Posts tagged ‘commercialization’

Public crisis in clean energy – Read Kassia Yanosek’s article in Foreign Affairs

August 4th, 2011 by Greg Boutin

Kassia Yanosek, a friend and ex-classmate at Stanford, just co-wrote a fascinating article in Foreign Affairs on “The Crisis in Clean Energy“.

Stimulus to renewables are certainly a controversial topic in times of financial restraint. In an ideal world, renewables could compete on an equal footing with 20th-century sources of energy because there would be no subsidies (direct and indirect) to carbon and nuclear energies, and there would be market-based mechanism to incorporate societal costs (e.g. effect of emissions on health and environment) into their prices as well.

Unfortunately, it is not an ideal world just yet, so a faster way to level the field is to subsidize renewables. Easier said than done because, as opposed to the largely hidden subsidies to the oil and nuclear industries (military support, environmental clean-up, health system etc), the direct subsidies that renewables receive are much easier to pinpoint and attack.

Quick article excerpt below – I suggest you read the rest on Foreign Affairs.

Plugging the commercialization gap is far trickier than plugging the technology gap because the costs are greater and the best policies require government agencies to work alongside private actors without undermining market competition — a delicate balancing act. And it is in this area that the clean-energy industry is most in trouble today.

Kassia Yanosek

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Preparing a leak detection technology provider for fundraising

February 4th, 2011 by Greg Boutin
A fire hydrant.

Image via Wikipedia

This Canadian provider of pipe leak detection solutions has a fantastic technology. When I got involved, it was clear that the sky was the limit – if only commercialization capabilities could be beefed up.

In the water business, technology is only one driver of market adoption. Even more so when clients are municipalities, and the company is looking for investors. (more…)

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Entrepreneur’s must-have: a masterplan and to-do list

January 11th, 2011 by Greg Boutin
Shopping list

In my experience helping entrepreneurs, the most important success driver of any business founder is the capacity:

  1. to know their success drivers,
  2. and to keep everything they do tied to those.

So being able to keep one’s eyes on the prize and not get lost in the weeds is the top quality any good entrepreneur should cultivate. In this age of information overload, however, requests are being thrown at us from every direction, and in the midst of that flood it can quickly become difficult to discern what matters from the rest. (more…)

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Due diligence for wastewater recycling pilot project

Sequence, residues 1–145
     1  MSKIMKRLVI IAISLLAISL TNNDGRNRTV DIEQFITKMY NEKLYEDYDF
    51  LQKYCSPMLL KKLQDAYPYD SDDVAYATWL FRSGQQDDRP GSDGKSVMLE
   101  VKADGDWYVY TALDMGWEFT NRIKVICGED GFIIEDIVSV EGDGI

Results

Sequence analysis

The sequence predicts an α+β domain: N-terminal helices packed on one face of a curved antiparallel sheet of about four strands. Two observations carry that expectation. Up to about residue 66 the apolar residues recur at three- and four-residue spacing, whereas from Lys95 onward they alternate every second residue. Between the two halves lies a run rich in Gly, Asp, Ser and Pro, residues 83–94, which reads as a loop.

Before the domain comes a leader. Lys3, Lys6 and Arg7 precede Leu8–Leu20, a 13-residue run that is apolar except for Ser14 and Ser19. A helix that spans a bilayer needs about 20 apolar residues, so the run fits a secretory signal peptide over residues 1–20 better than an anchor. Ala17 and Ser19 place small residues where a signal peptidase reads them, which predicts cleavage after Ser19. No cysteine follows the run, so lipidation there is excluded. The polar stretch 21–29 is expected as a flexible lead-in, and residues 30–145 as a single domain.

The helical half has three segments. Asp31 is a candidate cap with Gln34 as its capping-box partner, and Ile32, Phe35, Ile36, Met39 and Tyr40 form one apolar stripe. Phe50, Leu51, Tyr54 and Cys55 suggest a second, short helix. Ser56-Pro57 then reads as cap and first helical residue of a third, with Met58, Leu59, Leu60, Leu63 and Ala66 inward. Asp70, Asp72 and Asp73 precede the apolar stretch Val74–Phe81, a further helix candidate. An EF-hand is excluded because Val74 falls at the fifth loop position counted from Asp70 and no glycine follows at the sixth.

August 6th, 2010 by Greg Boutin
Sewage treatment plant

Image via Flickr

Who knew you could find gold in wastewater? The solid materials that used water contains can be diverted and used as fertilizers by farmers. Technologies that do it are still evolving, and require funding.

Last year I was contacted by an investment institution to carry business due diligence on a pilot project to assess the commercial potential of a pilot project for such a technology. Previous due diligence experience with a $20m public funding initiative for a wastewater treatment station in the developing world complemented my commercialization expertise in cleantech, and helped conduct an objective assessment. (more…)

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Just published on ReadWriteWeb: 10 principles for not killing your startup

March 8th, 2010 by Greg Boutin
Image representing ReadWriteWeb as depicted in...

Image via CrunchBase

ReadWriteStart, the entrepreneur’s channel of ReadWriteWeb, nicely published an article I wrote for them called 10 Principles For Not Killing Your Startup.

With the new wave of entrepreneurs brought about by the financial crisis, I suspect the mortality rate of startups is at an all-time high. I didn’t find robust data to back my observation yet, but I did come across a page that points out that, before the financial crisis:

  • the chances were six in a million that an idea for a high-tech business eventually would become a successful company that goes public;
  • a venture capitalist financed only six out of every 1,000 business plans received each year;
  • and bankruptcies occured for 60% of the high-tech startup companies that succeeded in getting venture capital.

Wow. Persistence is paramount. (more…)

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